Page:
"Green gloves in Seattle, all the new jerseys that have been announced, Super Bowl patches for the players -- it's all about authenticity... we're even looking into fixing Troy Polamalu's hair... We want everything you see on Sunday to be seen in 'Madden NFL 10'... If you see a kicker warming up on the sideline, that's the type of detail we want you to see in Madden as well. All those details, from little things like the right stripes on uniforms to the kickers warming up, that's what you're going to see in the game... I just think the game is really starting to feel like an NFL simulation should feel, and that's really what I'm most proud of."In other words (actually, the same word repeated again), everything. And all of it in the name of authenticity. One aspect highlighted in the article is the larger rating gaps between elite and average players. Why is that important? Frazier, again (emphasis mine):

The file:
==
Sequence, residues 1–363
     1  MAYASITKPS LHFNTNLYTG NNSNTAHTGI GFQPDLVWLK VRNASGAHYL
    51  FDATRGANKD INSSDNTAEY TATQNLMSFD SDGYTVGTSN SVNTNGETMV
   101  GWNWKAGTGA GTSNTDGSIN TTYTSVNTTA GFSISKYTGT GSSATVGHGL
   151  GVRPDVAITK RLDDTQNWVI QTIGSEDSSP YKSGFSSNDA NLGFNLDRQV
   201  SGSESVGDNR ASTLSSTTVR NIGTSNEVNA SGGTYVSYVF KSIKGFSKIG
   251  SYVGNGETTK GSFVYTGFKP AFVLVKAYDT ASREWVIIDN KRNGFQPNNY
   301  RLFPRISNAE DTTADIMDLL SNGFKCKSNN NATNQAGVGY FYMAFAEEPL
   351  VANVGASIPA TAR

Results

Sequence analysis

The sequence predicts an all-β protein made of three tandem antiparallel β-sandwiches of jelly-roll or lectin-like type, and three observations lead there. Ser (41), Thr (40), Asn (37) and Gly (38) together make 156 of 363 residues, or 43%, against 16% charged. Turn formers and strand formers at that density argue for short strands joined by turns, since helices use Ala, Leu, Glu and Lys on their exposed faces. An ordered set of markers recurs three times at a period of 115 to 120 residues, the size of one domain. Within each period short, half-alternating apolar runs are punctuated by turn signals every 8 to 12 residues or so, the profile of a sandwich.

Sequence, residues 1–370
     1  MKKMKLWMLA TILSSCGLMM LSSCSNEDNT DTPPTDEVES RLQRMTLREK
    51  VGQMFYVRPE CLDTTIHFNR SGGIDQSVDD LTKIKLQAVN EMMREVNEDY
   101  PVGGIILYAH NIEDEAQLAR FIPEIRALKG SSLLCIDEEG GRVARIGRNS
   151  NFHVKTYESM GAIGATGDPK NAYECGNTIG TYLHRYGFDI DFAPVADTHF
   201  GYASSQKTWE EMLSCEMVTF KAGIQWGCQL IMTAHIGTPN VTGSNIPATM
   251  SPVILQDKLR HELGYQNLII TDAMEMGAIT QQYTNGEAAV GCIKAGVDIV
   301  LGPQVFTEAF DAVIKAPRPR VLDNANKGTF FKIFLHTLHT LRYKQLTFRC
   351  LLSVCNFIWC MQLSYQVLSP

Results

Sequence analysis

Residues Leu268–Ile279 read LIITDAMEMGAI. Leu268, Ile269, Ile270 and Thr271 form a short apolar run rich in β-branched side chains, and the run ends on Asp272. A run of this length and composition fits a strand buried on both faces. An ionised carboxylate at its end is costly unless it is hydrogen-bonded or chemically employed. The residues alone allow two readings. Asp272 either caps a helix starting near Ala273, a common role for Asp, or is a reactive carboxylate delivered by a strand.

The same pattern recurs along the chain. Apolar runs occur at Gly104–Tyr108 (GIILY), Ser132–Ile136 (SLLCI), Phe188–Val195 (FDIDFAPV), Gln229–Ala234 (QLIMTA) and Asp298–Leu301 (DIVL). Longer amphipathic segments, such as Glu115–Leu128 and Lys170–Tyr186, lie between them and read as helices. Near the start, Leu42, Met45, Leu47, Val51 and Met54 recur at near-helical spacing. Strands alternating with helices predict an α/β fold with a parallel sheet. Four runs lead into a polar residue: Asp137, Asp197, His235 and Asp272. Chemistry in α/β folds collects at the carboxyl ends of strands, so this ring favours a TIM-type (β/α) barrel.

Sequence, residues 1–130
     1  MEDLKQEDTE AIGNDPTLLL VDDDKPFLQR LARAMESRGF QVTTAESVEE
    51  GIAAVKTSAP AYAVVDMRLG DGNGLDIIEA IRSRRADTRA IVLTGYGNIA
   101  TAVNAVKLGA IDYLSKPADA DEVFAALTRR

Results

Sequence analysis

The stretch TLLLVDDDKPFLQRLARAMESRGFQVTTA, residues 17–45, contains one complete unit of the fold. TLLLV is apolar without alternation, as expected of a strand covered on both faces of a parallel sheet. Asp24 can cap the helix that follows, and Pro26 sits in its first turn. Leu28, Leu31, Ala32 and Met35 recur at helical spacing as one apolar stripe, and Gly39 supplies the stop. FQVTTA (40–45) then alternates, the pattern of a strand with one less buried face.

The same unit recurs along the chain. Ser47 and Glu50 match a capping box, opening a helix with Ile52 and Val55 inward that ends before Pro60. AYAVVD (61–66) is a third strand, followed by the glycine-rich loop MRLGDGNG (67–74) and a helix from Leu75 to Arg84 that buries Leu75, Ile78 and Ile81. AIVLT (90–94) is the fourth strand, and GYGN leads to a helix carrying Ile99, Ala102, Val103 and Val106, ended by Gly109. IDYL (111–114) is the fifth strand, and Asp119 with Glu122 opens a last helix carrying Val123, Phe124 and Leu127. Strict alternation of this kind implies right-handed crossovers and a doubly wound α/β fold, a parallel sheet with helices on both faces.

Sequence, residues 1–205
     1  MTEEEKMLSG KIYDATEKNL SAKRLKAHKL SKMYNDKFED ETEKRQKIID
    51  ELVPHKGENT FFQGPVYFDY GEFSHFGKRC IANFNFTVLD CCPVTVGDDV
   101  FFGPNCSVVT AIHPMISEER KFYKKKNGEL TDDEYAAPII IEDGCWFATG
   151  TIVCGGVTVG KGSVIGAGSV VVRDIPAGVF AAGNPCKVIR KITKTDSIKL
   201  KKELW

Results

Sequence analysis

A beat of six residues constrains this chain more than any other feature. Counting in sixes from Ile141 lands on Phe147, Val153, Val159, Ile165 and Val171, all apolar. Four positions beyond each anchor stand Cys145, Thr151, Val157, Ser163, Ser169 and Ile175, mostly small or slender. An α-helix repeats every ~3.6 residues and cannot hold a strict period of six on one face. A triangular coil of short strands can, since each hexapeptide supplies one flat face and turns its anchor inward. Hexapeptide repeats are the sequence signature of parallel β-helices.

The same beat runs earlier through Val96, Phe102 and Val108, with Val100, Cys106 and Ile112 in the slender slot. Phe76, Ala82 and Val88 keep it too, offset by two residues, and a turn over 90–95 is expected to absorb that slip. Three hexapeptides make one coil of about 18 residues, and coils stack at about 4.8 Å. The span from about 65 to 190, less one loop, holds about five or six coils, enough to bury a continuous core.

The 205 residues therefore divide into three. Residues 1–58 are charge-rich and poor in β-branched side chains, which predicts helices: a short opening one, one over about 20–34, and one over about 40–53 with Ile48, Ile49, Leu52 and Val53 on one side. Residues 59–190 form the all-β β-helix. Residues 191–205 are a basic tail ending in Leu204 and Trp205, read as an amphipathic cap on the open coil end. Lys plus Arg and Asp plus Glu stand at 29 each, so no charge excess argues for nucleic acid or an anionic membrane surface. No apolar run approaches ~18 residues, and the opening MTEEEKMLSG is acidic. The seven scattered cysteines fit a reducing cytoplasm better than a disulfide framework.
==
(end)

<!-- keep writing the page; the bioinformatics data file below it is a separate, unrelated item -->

"The more I talk to players, the more I realize how important these video game ratings really are. These numbers are talked about in the locker rooms and even on the practice field. When somebody misses a block, guys will joke about how his rating just dropped five points."Well, in the name of authenticity/ realism, players teasing each other about their Madden ratings has to be incorporated into the game. In fact, the right way to do that is to have the players in Madden play a "Madden" video game and then have them tease each other in Madden about their "Madden" scores. Of course, in the "Madden" game they play in Madden, the players should be playing "Madden."
It's simple. It looks exactly like this:
Or a Matryoshka Doll.
Whatever. It's still less confusing than Lost.